The anti-socialite

Rick Ryckeley's picture

Back when we lived at 110 Flamingo Street, Mom entertained all the time. It was actually only once a month, but to us kids that seemed like all the time. To say she was a socialite would be as big of an understatement as BP saying, “Oops, we’ve spilled a little oil. Someone get a sponge.” Mom was like Betty Crocker, Martha Stewart, and Paula Deen all rolled into one.

They say kids are a product of their parents. I really don’t know who “They” are, but they’re right. Watching Mom buzz around the house being a once a month socialite made me into the man I am today – an anti-socialite. What’s the difference, you may ask? It’s simple – rules. Lots and lots of rules.
The rules for being a socialite are way too numerous to list for just one column, so I’ll concentrate on the most important. Those would be the ones Mom always followed.

First and foremost before any entertaining could take place, our house had to be cleaned from top to bottom. Now why my closet, under all our beds, and even the bathtub had to be cleaned I never was able to figure out.

In the seven years spent at 110 Flamingo Street not once were any of Mom’s house guests brave enough to venture into our bedrooms. Much less rifle through our closets and, in spite of it being cleaned by Scrubbing Bubbles, not one guest took a bath.

The second rule was similar to the first: all kids had to also be cleaned and that meant even behind the ears. The reasoning behind this water torture was so we could meet the guests for all of 10 seconds.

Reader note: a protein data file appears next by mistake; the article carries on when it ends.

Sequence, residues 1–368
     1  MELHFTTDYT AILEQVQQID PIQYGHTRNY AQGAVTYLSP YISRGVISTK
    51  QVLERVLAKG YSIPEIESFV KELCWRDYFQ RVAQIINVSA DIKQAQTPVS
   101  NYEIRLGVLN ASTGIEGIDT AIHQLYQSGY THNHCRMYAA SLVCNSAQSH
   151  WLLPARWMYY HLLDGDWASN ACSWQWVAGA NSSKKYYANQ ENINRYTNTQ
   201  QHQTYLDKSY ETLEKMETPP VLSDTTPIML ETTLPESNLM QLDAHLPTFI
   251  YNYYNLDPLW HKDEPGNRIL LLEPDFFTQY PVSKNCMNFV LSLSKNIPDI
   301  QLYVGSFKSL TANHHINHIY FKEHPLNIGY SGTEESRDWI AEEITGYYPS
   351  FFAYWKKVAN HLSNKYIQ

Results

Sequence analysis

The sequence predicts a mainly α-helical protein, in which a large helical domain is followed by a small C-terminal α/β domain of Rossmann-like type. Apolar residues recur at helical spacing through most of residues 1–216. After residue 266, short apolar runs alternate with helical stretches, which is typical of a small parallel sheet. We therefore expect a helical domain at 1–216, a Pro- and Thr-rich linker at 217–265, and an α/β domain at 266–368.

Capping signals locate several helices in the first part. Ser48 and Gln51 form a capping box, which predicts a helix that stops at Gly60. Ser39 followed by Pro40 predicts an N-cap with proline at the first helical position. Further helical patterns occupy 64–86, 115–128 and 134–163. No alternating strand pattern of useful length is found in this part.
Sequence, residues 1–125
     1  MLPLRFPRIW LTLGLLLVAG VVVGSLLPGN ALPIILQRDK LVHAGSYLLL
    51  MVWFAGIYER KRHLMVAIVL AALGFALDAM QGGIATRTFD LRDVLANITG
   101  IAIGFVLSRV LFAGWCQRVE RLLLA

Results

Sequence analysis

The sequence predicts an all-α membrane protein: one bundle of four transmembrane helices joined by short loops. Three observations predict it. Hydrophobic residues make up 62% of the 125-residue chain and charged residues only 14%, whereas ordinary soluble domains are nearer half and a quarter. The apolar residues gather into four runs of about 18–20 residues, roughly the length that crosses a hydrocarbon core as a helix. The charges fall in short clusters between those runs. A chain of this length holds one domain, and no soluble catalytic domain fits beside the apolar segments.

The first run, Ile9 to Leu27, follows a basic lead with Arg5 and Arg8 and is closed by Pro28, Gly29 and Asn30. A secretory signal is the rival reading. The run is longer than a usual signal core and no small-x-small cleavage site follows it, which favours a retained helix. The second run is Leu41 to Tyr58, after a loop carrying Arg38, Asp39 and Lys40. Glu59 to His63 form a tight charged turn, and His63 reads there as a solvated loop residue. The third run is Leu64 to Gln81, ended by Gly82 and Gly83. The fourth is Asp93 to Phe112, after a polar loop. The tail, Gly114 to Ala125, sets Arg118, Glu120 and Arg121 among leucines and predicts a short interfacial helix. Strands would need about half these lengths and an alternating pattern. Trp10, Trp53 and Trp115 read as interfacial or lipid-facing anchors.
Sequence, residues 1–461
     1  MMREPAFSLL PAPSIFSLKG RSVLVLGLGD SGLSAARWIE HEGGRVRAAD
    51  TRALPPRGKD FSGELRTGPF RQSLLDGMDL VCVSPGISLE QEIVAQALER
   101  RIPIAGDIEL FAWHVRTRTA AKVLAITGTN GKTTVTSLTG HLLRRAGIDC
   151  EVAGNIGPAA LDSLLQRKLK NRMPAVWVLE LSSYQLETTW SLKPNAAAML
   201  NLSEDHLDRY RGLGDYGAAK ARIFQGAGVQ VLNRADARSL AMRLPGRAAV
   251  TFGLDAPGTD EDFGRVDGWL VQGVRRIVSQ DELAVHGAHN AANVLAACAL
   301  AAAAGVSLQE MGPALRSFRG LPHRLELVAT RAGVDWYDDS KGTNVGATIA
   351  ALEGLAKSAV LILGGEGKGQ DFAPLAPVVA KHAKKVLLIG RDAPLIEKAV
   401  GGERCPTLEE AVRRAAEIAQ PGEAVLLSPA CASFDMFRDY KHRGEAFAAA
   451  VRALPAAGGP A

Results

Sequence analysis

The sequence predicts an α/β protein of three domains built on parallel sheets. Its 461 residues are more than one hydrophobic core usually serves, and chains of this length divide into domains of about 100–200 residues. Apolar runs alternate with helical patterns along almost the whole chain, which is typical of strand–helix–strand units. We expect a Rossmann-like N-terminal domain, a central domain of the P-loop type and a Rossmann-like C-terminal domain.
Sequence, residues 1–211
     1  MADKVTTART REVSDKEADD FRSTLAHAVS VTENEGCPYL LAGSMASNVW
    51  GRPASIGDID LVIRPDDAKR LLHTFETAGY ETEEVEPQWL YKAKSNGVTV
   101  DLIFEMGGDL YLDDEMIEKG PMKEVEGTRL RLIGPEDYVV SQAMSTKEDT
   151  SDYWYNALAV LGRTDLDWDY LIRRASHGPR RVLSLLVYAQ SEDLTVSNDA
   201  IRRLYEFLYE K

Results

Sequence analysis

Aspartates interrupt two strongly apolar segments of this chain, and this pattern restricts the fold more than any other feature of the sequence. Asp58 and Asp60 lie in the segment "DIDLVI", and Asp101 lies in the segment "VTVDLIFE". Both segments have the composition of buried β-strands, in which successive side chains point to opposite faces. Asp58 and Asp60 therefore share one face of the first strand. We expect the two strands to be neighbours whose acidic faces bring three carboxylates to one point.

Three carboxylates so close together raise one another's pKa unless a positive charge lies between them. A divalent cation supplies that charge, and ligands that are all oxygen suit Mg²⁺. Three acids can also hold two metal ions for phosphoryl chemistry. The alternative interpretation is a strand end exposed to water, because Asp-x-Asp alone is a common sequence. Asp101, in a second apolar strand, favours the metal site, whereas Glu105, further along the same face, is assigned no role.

The third rule was really Dad’s rule: closing the bathroom door and running the water doesn’t count as taking a bath or shower. One must actually enter the water, soap, rinse, and then repeat. This and only this would be considered as bathing. And no, Dad didn’t use Scrubbing Bubbles on us, but I’m sure he thought about it.

Next up, rule number four: the formal dining room was a no-kid zone the day before and day of the dinner party. During this time, Mom rushed between the kitchen, cooking enough food for an army, and making sure the long dining table was set correctly. By noon of the second day of our banishment each place setting was flanked by spoons, knives, and three forks.

Why three forks I really never found out. It may be because Big Steve from down the street was a regular guest and could eat three times as much as anyone else. Mom didn’t let anyone go away from the dinner table hungry. And that was rule number five.

Being an anti-socialite is much simpler than being sociable and entertaining all the time like Mom. Simple because there’s only one rule to follow: there are no rules.

Rooms don’t have to be cleaned; multiple dirty rings are allowed (around tubs and children), and one fork is enough to down any meal. Betty, Martha, and Paula would disagree, but they’re not an anti-socialite like me.

Besides, I’ve got a great idea for a new television show — The Anti-Socialite Hour. It could be the next number one hit! On second thought, having a hit television show really wouldn’t work too well for me. I’m sure I’d have to take a bath everyday and wash behind my ears.

[Rick Ryckeley, who lives in Senoia, has been a firefighter for more than two decades and a columnist for The Citizen since 2001. His email is saferick@bellsouth.net.]